The term “turbid” is defined as an optical property of the polymer/solvent system that causes light to be scattered and absorbed rather than transmitted in straight lines through the sample. Turbidity is the measure of clarity of the polymer/solvent system. Any optical method, to be selected by those having ordinary skill in the art, can be used to measure the degree of turbidity.

One method that can be used to measure the degree of turbidity is nephelometry. According to the nephelometry method, the ratio is determined between the amount of light transmitted straight through a liquid sample is measured and the amount of light scattered at an angle of 90° to one side.

With the reference to FIG. 1, according to one embodiment of the invention, a polymer solution having a lower critical solution temperature (LCST) can be prepared. The polymer solution can be prepared by dissolving a thermoresponsive polymer in a suitable solvent. The polymer solution can include an aqueous solution of any water-soluble thermoresponsive polymer, or a solution of any organo-soluble thermoresponsive polymer in a suitable organic solvent. Any appropriate method known to those having ordinary skill in the art can be used for preparing the polymer solution; for example, combining a polymer and a solvent at a temperature below LCST, followed by energetic stirring.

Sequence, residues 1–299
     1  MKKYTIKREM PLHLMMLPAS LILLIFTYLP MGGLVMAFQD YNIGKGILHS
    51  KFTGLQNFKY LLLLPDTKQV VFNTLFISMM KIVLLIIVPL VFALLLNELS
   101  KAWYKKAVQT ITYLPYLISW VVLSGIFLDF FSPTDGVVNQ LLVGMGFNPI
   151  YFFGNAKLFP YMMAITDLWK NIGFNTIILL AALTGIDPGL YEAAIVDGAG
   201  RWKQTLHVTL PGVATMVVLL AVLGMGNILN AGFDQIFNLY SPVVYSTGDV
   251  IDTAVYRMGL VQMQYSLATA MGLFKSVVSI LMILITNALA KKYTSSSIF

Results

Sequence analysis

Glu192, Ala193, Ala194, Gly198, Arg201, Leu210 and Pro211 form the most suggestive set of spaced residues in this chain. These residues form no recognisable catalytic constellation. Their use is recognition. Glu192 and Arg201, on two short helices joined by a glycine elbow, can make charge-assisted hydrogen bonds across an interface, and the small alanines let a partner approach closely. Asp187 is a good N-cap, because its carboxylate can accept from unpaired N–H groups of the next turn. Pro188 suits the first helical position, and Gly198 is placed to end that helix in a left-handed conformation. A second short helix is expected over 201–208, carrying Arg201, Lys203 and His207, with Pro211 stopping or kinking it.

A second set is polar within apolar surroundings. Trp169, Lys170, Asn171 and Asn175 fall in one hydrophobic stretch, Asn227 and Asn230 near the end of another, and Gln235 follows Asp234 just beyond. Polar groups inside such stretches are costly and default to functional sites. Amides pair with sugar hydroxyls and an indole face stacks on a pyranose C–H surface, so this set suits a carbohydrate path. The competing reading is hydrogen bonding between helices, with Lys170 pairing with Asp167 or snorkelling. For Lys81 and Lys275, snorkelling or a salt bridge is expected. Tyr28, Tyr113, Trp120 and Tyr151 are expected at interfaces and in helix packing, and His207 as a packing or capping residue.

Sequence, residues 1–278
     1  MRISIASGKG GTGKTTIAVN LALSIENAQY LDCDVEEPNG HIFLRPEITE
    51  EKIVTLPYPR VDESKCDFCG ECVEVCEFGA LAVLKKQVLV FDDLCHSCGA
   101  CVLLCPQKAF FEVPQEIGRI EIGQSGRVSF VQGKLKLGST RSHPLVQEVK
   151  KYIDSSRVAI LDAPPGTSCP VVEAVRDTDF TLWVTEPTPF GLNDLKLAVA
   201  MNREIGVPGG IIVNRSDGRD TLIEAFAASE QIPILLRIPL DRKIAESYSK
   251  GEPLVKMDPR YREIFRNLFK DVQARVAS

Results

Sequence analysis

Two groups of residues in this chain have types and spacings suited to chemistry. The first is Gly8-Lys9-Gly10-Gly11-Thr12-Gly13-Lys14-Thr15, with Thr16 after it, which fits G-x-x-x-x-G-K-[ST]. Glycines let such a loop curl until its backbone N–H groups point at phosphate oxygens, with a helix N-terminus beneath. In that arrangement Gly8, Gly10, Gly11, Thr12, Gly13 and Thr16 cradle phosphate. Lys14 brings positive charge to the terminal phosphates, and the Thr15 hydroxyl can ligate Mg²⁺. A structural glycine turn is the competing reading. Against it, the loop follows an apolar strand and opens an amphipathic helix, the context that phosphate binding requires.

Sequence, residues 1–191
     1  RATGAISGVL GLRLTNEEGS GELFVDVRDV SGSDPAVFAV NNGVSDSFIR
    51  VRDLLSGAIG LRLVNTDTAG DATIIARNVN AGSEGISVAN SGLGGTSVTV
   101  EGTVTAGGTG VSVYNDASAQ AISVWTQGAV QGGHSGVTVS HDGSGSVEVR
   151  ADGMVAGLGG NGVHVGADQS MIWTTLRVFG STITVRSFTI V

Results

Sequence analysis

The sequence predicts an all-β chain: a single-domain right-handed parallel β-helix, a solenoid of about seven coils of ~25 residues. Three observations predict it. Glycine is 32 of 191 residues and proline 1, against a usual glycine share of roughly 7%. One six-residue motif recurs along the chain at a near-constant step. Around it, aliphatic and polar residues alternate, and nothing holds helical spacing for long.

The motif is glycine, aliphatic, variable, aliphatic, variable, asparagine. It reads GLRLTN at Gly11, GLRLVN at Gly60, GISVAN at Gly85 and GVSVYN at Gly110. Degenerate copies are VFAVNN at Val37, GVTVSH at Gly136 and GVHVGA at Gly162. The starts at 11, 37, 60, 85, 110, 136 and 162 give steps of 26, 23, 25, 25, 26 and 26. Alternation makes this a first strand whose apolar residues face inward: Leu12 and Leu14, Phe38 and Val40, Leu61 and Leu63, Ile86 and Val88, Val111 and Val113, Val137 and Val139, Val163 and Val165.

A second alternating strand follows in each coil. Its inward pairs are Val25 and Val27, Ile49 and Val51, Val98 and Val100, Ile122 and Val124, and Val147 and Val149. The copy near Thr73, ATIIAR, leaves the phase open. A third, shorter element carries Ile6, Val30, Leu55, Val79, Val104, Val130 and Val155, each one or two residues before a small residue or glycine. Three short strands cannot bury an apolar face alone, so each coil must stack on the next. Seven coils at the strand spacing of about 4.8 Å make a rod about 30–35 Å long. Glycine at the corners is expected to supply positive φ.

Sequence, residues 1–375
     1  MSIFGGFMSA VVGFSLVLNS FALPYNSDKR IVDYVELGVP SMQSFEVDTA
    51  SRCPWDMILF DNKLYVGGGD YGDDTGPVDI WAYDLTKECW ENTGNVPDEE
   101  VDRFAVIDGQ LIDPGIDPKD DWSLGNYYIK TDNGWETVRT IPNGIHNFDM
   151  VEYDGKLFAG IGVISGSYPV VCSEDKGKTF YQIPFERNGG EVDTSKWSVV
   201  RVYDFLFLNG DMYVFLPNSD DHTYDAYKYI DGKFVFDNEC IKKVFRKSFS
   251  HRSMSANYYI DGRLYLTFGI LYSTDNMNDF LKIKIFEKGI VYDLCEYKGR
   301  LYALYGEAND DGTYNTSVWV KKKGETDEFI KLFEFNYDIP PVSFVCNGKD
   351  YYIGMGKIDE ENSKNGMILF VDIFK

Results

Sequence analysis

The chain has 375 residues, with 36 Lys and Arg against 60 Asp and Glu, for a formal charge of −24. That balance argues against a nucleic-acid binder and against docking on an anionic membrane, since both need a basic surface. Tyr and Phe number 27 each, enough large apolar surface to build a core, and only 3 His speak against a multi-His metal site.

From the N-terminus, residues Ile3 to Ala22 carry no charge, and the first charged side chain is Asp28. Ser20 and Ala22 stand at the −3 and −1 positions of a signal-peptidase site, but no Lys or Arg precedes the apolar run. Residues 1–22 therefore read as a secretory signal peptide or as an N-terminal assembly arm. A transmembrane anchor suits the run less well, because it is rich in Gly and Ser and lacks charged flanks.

An example of a polymer solution that can be used includes an aqueous solution (i.e., the solvent is water) of a water-soluble thermoresponsive polymer. The aqueous polymer solution can contain between about 0.005 mass % and about 50 mass % of the water-soluble thermoresponsive polymer, for example, between about 0.2 mass % and about 0.5 mass % of the water-soluble thermoresponsive polymer, the balance comprising de-ionized water.

Another example of the polymer solution that can be used includes an organic solvent solution of an organo-soluble thermoresponsive polymer. The organic solvent polymer solution can contain between about 0.005 mass % and about 50 mass % of the organo-soluble thermoresponsive polymer, for example, between about 0.2 mass % and about 0.5 mass % of the organo-soluble thermoresponsive polymer, the balance comprising a suitable organic solvent.

The thermoresponsive polymers that can be used to prepare the polymer solution can be capable to form a solution having the LCST within a range between the melting point of the solvent and the boiling point of the solvent. For example, the LCST of either an aqueous polymer solution or an organic solvent polymer solution can be between about 2° C. and about 80° C., such as between about 20° C. and about 60° C., more narrowly, between about 25° C. and about 40° C., for example, about 32° C.

When the temperature of the polymer solution is below the LCST, the polymer solution can be clear and optically transparent. The solution can become turbid when the temperature has been raised to the LCST or to a temperature higher than the LCST. The process is reversible and the solution can again become clear and optically transparent if it is cooled to a temperature below the LCST. The heating-cooling cycle causing clouding-clearing of the solution can be repeated any desired number of times. This concept is schematically illustrated by FIG. 1.